Here we go again. Just like four years ago, only this time hopefully with a better final chapter. And also, this time with a twist: this isn’t a Game Day thread, but more like a Game Week Thread.
So first things first: if you haven’t voted yet you should go do that. Is voting in person safe? Sure. Just be smart about it. Wear a mask. Take some hand-sanitizer if you can. When you’re indoors at your polling place, maintain social distance. Do what you can to research your local ballot so you know what you’re going to vote on before you get there, so that when you do get to vote you make your selections quickly and submit your ballot and leave. Easy peasy!
So, um, who’s gonna win?
No one knows. Seriously. You can look at the FiveThirtyEight prediction model, which currently has Joe Biden sitting at 89%. Or the Economist model, which shows Biden at 96%. All things being equal, you’d sure rather be Joe Biden than Donald Trump as things stand now.
But it’s important to realize: these are (sort of) probabilities and nothing else. If you’re reading this, you’re probably a gamer. You’ve rolled a 1 on an 8- or 10-sided die before. That’s the probability that Trump wins a second term. We’ve all missed that 89% point blank shot in a game of XCOM. That’s kind of where we are right now. (And to be fair to the FiveThirtyEight folks, they describe their prediction model as more of a map of an uncertain outcome than a probability.)
And the uncertainty on this race in 2020 isn’t just window-dressing for clicks. Well, most of it isn’t, anyway. The 2020 Presidential Election is taking place under extraordinary circumstances, as a pandemic’s third peak seems headed into full bore. As a country, we’ve never had more voting by mail, or early voting in person. As new polls went into the field in the final weeks of October, all the early and by-mail voting created an entirely new-ish set of variables for pollsters. And new variables is a fancy way of saying “New stuff that could make polls wrong again.” Especially if we hit 160 million votes cast. That would be 67% of the US voting eligible population – the most since William McKinley and his upstart running mate Teddy Roosevelt won in 1900.
The good news is that the polls have also held pretty stable, for months and months now. And most folks don’t generally change their views about whom to vote…too much. We think. The other thing to understand is that most of the folks running high-quality polling operations aren’t stupid. On social media you’ll see folks trying to dissect polls from reputable pollsters on some perceived flaw or another, and it happens constantly, as if the data scientists and communications experts who design polls just fell off the turnip truck. Occasionally, you will see terrible polling design (the incorrect framing of a Gallup question on Medicare For All at the end of 2018 pretty much derailed the presidential campaigns of Kamala Harris, Cory Booker, and Kirstin Gillibrand before they’d even started). More common is just opaque methodology that may be disguising more sinister intent. But you can take some assurance: the folks doing polls with highly rated non-partisan polling outfits have put some care into the design and methodology of their surveys.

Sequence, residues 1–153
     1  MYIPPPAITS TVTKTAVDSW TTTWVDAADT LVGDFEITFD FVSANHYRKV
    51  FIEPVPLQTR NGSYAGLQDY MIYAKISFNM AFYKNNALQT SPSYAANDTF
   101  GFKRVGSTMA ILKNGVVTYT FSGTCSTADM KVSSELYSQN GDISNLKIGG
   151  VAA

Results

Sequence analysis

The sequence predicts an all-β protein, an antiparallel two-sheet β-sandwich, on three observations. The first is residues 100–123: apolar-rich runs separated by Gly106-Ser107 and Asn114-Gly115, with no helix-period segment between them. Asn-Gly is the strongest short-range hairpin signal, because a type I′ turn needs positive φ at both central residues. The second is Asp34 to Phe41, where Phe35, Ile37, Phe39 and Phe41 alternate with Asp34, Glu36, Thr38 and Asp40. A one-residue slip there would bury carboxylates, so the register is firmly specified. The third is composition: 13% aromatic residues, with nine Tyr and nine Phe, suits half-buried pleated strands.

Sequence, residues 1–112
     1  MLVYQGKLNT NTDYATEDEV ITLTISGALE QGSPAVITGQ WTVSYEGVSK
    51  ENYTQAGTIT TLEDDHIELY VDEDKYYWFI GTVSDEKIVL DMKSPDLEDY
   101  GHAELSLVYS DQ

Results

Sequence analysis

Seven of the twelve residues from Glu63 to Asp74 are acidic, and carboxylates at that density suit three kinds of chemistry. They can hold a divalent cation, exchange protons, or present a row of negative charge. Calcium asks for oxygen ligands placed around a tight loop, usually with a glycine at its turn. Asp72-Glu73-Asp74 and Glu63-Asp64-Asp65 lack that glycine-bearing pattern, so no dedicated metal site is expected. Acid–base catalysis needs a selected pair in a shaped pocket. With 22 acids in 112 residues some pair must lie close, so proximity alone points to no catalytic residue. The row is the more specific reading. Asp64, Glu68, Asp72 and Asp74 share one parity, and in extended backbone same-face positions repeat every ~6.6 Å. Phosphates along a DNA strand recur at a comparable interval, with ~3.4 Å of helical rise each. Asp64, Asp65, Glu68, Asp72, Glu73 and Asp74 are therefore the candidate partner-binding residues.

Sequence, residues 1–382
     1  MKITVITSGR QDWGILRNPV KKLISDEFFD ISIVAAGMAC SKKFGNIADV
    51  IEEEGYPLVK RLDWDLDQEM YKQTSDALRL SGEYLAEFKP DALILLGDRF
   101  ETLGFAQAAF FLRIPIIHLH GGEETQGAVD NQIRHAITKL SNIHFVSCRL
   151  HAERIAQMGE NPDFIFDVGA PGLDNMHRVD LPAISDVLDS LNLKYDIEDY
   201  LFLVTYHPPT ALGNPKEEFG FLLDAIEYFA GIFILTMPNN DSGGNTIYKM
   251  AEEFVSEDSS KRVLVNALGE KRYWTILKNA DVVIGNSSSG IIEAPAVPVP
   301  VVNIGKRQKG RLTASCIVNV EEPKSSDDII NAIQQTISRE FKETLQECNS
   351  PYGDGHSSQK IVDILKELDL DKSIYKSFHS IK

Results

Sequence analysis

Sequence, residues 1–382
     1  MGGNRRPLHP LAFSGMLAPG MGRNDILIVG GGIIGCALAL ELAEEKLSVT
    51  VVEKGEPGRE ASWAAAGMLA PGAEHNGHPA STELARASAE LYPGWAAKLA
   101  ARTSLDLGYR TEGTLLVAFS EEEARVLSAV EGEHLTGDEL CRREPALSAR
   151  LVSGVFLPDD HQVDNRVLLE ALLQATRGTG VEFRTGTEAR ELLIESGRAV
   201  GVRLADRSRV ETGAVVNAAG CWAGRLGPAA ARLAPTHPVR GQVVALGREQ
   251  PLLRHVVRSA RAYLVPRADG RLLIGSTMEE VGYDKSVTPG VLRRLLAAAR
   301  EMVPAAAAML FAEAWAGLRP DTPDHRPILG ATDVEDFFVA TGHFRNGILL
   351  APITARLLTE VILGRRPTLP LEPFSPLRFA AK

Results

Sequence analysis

Still, lots of us also remember the most awful 90 minutes ever, from 8:30 pm ET to 10:00 pm ET on Election Day 2016. That’s when rural votes in Florida, Pennsylvania, Michigan, North Carolina, Wisconsin et al starting pouring in, with historically unprecedented wipeout margins for Candidate Trump being posted by these precincts. There’s likely to be some version of that happening again in 2020. The hope with Team Biden is that the margins won’t be quite what they were in 2016, and that they’ll be somewhat smoothed over by suburban counties that were toss-ups or even red in 2016 going more blue this year.
It’s not a vain hope; there’s a reason polling shows Biden with a lead right now. Although the breakout stars of the 2018 “Blue Wave” of congressional representatives elected that cycle were capital-L Left candidates in Alexandria Ocasio Cortez and “The Squad”, the real fuel of the wave were folks like Elissa Slotkin, Katie Porter, Elaine Luria, Joe Cunningham, Kendra Horn, Ben McAdams and Conor Lamb who all ran as somewhat more moderate Democrats and flipped their red suburban and exurban districts to blue. The congressional district-level polling we have supports the notion that 2020 is set to continue that trend.
Finally, there’s this: as it stands here, late on a Monday, President Trump is going to need a polling error in 2020 far greater than the polling error he got in 2016 in order to win. That doesn’t mean that can’t happen – ask Tom Dewey about that. And it should also be noted that polling error doesn’t always go one way; in 2012 many of the polling errors that were seen favored Barack Obama. And polling error isn’t necessarily uniform. Even in the debacle of 2016 with state-wide polling errors across the upper Midwest, there were also state polling miscues evidenced in the American southwest that favored Clinton a bit.